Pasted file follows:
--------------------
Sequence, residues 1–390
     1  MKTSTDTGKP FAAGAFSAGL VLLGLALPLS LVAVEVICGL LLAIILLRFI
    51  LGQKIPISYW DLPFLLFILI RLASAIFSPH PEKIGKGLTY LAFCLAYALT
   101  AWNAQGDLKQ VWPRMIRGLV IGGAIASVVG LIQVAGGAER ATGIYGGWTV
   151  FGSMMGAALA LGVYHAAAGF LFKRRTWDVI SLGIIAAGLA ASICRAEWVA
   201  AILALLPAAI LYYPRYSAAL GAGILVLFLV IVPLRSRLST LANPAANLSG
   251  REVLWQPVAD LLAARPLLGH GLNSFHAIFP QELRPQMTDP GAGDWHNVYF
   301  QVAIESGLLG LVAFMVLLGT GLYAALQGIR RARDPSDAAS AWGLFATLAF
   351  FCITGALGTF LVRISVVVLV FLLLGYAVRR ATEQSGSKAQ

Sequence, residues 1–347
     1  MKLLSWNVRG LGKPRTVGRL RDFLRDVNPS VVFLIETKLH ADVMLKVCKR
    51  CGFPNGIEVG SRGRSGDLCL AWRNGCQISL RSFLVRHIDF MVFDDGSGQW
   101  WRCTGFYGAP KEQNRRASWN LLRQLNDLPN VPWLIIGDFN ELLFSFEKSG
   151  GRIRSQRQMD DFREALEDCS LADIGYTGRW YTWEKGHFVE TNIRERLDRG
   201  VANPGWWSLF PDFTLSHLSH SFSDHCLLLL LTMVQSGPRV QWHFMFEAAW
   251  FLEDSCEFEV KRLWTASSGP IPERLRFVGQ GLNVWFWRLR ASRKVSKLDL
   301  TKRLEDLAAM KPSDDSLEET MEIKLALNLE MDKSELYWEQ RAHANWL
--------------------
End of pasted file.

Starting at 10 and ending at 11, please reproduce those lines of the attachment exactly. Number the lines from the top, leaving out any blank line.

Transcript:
Sequence, residues 1–347
     1  MKLLSWNVRG LGKPRTVGRL RDFLRDVNPS VVFLIETKLH ADVMLKVCKR